In a summer already filled with wild, wacky and woeful tales of air travel, last week was a whopper. It started off cute enough: a man smuggled a tiny monkey onto an airplane by hiding his furry friend under his hat. Sort of precious, don’t ya think?
But things went straight downhill from there: Fire led to a power outage and flight delays at General Mitchell International Airport in Milwaukee. Authorities spent hours searching for a man who evaded security screening at Charlotte-Douglas International Airport. And on Saturday, a U.S. Customs and Border Protection computer malfunctioned and more 17,000 international passengers were stranded for hours at Los Angeles International Airport.
Not cute at all.
Events like these really suck the fun out of air travel and make some travelers vow never to fly again. But not the little girl I met recently on a flight from Eugene, Ore., to Seattle. I chatted with her as she settled in beside her grandma in the row ahead of me. And I admit that I eavesdropped (just a bit) during the flight and heard how thrilled she was to be served “free” soda and dolphin-shaped crackers and to get to see mountains outside her very own little window. When we landed, I expected her to turn around and recount her adventure. Instead, this young traveler turned to me and politely asked, “And how did you enjoy your flight?”
That reminded me that for some people — not just little kids — plane trips can still be magical. And it made me think of another item to add to the Air Passengers’ Code of Cordiality I described here a few weeks back. In that column I proposed a basic set of “let’s get along” travel rules that all passengers would be encouraged to abide by. Asking fellow passengers if they’re having fun on their trip wasn’t on the list. But maybe it should be. Along with some of the other suggestions sent in by readers, including:
- “Don't bring foods with a strong odor on the plane. Sitting next to someone eating something with an intense odor makes me gag.”
- “If there is a tall person sitting behind you, please don't recline your seat.”
- “Be ready to go through security BEFORE you get to the security check point. This means having all your belongings put in a carry-on bag before you get to the security check point and not rushing through all your crap just before the security guy calls you through.”
- “How about this one: Do not take someone else's assigned seat! If you have the middle and no-one has taken the aisle or window, wait till the door is shut and the plane is pulling away to snag it. Don't make its rightful owner fight you for it. Grr.”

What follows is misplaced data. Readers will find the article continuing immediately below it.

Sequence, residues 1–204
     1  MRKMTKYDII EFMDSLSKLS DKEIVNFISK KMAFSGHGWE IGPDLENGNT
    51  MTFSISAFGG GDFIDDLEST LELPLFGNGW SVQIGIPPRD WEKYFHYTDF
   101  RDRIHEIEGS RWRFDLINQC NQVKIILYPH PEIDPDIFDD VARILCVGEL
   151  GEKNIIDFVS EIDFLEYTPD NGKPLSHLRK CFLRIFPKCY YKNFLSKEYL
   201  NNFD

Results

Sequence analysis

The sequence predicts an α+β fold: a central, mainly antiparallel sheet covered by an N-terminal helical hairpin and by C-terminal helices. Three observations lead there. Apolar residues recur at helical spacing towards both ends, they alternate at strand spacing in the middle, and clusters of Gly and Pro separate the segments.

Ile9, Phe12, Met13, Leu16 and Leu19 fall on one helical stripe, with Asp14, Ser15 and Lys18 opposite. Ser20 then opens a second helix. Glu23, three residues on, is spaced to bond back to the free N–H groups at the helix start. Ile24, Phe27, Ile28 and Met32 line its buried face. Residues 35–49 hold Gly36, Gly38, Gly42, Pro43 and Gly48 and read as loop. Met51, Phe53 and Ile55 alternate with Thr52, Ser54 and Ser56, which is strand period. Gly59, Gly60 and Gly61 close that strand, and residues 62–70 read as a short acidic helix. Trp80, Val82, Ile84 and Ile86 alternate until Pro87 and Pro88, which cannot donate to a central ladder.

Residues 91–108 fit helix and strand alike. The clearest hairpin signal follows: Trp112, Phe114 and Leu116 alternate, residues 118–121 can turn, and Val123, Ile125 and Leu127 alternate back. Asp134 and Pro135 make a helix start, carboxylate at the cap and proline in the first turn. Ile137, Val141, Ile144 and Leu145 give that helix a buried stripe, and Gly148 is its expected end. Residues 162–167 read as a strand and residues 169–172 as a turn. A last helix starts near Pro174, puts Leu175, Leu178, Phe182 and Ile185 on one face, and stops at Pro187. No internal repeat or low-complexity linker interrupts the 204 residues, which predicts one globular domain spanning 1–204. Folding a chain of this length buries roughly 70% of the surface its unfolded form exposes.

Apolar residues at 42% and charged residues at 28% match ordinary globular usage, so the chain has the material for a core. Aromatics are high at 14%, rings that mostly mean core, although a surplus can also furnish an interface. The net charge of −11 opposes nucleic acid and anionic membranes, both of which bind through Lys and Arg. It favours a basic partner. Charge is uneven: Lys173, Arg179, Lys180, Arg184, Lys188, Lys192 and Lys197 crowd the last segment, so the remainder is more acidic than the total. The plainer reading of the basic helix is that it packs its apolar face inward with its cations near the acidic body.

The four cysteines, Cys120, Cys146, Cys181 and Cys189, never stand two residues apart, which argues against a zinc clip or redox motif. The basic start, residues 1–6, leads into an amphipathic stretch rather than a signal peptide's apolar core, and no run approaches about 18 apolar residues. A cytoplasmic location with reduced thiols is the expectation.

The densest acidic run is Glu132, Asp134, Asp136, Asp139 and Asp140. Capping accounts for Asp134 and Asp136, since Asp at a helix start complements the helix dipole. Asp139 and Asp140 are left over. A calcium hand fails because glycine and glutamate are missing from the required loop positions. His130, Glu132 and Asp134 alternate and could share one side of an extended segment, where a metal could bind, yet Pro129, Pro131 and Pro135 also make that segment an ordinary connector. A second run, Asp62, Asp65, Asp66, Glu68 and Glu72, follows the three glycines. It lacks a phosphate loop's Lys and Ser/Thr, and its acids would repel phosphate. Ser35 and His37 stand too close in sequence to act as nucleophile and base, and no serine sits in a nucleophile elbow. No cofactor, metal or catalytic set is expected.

- “Other passengers should not automatically assume kids are going to be awful to travel next to and should also cut some slack to parents who are trying to be responsible.”
- “Please, please, please don't board a plane reeking to high heaven ... both in terms of B.O. or heavy perfume.”
- “When moving in and out of your seat, do not grab the seat in front of you.”
- “When you go to baggage claim it is just plain rude to walk up and stand so close to someone they can feel you breath to try to be the first to get your bag ... stand back, watch for your bag, and then excuse yourself forward so you can grab it.”
- “Keep your shoes on when you are on the airplane. It is a confined space and no one wants to smell your feet.”
All these seem like fine additions to the Code of Cordiality. But there’s one item from my original list that needs a bit more research.
Several people took issue with my proposed rule of “No diaper changing on the seat cushions or the tray tables.”
Carol W. of Richmond, Va, wrote:
“ ... I do wonder exactly where a parent should change a child. I was a flight attendant for 25 years and during that time was aghast at seeing a mother or father change their child in a seat. (Never saw anyone use a tray table — ugh) When I retired I took my son on his first plane ride when he was two months [old]. Fortunately no diaper change was necessary, but had it been, I honestly don't know where we would have gone. Airplane lavatories don't have any surface large enough to change a baby, and can you imagine putting a baby on the floor? The only place I can see using is the seat. I always carried a plastic mat in my diaper bag which I would have covered the seat with, but fortunately I never had to go that route.”
Plastic mat or not, I wouldn’t want to be seated on an airplane next to someone while they change their baby’s diaper. But Carol W. raises a good point. Parents: how DO you change a baby’s diaper on an airplane without grossing out your seatmates?
Diapers aside, I’m just about ready to issue my “clip-and-save” version of the Air Passengers’ Code of Cordiality. But while many readers wrote to say “Where do I sign?” others aren’t so sure: “The big question is: If the code does come into existence, who will [be asked to] enforce it? That's an awfully big burden to impose on cabin crew.”
Another reader was adamant: “ ... You will NEVER get a code of conduct enacted or enforced. As soon as you try, you will wind up in court. You cannot legislate morality or manners.”
Nope, we can’t. But we can give the Air Passengers’ Code of Cordiality a try. For starters: How did you enjoy your last flight?
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